Despite the serious concerns highlighted, globally the marketing sector still outperformed every other category that has been analysed by research partner Kantar, scoring an overall 64% on the Inclusion Index, ahead of the next highest sectors, Health and Pharmaceuticals and Education, both scoring at 60%.
Nevertheless, Hong Kong and India were the only countries in APAC to score higher than the global average on the overall Inclusion Index, ranking 66% and 68% respectively. Pulling India and Pakistan (63%) out of the calculation dropped the region’s average from 64% to 59% suggesting lived experiences in other markets surveyed to be considerably poorer than the global average.
The lower scores can be attributed to a marginally higher reporting of negative behaviours in countries in the region compared to the global average, particularly reported by female respondents. For instance, 32% APAC respondents reported feeling undervalued to compared to colleagues of equal competence versus 29% global average. Seventy-one per cent of APAC respondents say they feel comfortable being themselves in their work compared to 74% global average. But take out India and Pakistan this figure drops to 66%.
Other key findings include:
- The lived experiences of people with disabilities are poorer in some but not all markets. Globally, 8% of disabled respondents say they have faced discrimination based on disability – the figure is 4% in APAC – and they also tend to score lower against “feel like I belong at my company” than non-disabled respondents. No disabled respondents reported experiencing discrimination on the grounds of disability in Malaysia or Pakistan.
- Mental health issues are still taboo for many. Around 6% of respondents in APAC reported a long-term health condition and, of these, of which 70% said they related to mental health. However just 44% of them had made their employers aware of the issue. The good news is that among those who did, 52% agreed their employer was “generally supportive”. The best performing countries on this metric in APAC was Singapore, where 67% agreed.
- Thirty-two per cent of APAC respondents reported suffering from anxiety and stress during the COVID 19 lockdown which tallies closely with the global average of 33%.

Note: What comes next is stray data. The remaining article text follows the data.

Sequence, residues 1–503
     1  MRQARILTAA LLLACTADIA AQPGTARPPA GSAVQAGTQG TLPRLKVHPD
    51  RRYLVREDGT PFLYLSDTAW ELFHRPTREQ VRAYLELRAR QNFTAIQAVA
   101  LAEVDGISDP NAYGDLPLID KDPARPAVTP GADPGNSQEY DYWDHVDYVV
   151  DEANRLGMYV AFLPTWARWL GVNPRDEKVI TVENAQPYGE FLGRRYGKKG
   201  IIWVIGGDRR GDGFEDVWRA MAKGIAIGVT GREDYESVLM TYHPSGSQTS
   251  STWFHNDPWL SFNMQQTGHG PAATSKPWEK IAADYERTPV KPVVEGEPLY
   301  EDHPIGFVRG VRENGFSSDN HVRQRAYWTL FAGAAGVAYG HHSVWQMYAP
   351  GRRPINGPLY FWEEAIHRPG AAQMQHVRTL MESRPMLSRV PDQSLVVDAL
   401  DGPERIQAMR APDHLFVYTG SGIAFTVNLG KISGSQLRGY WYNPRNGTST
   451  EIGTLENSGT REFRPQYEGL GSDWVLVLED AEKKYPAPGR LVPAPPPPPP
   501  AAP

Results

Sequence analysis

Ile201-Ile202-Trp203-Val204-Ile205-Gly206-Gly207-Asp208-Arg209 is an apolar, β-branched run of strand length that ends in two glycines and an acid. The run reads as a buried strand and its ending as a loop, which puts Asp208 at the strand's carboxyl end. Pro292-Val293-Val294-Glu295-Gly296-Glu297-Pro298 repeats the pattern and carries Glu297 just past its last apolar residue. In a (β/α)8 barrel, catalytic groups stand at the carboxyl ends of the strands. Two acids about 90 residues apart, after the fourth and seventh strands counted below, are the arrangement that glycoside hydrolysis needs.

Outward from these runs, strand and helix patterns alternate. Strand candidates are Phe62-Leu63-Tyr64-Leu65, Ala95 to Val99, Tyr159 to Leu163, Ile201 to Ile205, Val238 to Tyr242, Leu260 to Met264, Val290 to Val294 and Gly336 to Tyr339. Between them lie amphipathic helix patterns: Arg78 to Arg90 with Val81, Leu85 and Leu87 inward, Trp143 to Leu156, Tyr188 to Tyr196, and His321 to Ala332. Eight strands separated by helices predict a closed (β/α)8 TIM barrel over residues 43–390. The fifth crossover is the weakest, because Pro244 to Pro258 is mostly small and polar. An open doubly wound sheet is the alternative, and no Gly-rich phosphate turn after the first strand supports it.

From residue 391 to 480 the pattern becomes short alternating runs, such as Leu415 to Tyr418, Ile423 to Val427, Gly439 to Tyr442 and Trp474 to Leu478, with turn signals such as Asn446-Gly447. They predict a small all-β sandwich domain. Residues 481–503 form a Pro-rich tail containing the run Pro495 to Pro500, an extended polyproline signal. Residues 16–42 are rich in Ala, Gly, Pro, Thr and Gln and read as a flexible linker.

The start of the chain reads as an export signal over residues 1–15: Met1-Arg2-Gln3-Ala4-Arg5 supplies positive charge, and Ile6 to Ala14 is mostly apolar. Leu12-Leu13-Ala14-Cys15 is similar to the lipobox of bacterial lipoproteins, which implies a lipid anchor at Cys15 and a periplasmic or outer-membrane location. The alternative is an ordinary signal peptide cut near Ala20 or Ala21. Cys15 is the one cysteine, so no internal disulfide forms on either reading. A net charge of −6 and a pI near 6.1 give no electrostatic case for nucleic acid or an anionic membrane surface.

- Sense of belonging varies widely. The global average for “company sense of belonging” is 68% but this hides a wide range of performance, with Sweden top scoring globally on 76%. The best performing country in APAC was Pakistan at 73% with the bottom market scoring 53%.
- Most reported that their organisations are taking active steps to address diversity and inclusion but this sentiment varies greatly from country to country and this figure is lower in APAC than in the rest of the world. Sixty per cent of global respondents feel their company is working hard to become more diverse and inclusive while 53% of APAC respondents agreed. The US topped the global chart at 83%, with New Zealand at 63% and India and Singapore at 58% scoring best in APAC.
- There are huge variations generally between markets. One of the starkest learnings from the survey is the extent to which some countries in all regions reported figures significantly below the global averages when it comes to the absence of discrimination and presence of negative behaviours. Inclusion index scores across APAC, for example, vary from India’s 68% to the worst-performing country’s 56%. This is particularly noticeable when it comes to reviewing the responses from women in these same markets. These differences also corroborate systemic issues in some countries where there have been longstanding societal problems around gender, race and/or ethnicity.
The Census was designed on the basis of the UK All In Census conducted by the UK Advertising Association, ISBA and IPA in March 2021 (whose results are not yet part of the global survey) and was actively supported by companies, including Beiersdorf, BP, Diageo, GSK, Heineken, Havas, Just Eat, m/Six, Omnicom Group, Reckitt and WPP.
The full findings have been shared with each participating market and a full global report is due to be published on December 9th. The results will also feed into the work of the WFA Diversity and Inclusion Task Force as well as national action plans led by WFA national associations around the world.
Those national advertiser associations and their agency association counterparts were the key drivers of the market research in the following markets: Belgium, Brazil, Canada, Colombia, France, Greece, the Gulf Cooperation Council (Bahrain, Kuwait, Oman, Qatar, Saudi Arabia, and the UAE), Hong Kong SAR, China, India, Ireland, Japan, Malaysia, the Netherlands, New Zealand, Pakistan, Portugal, Singapore, South Africa, Spain, Sweden, Turkey and the USA.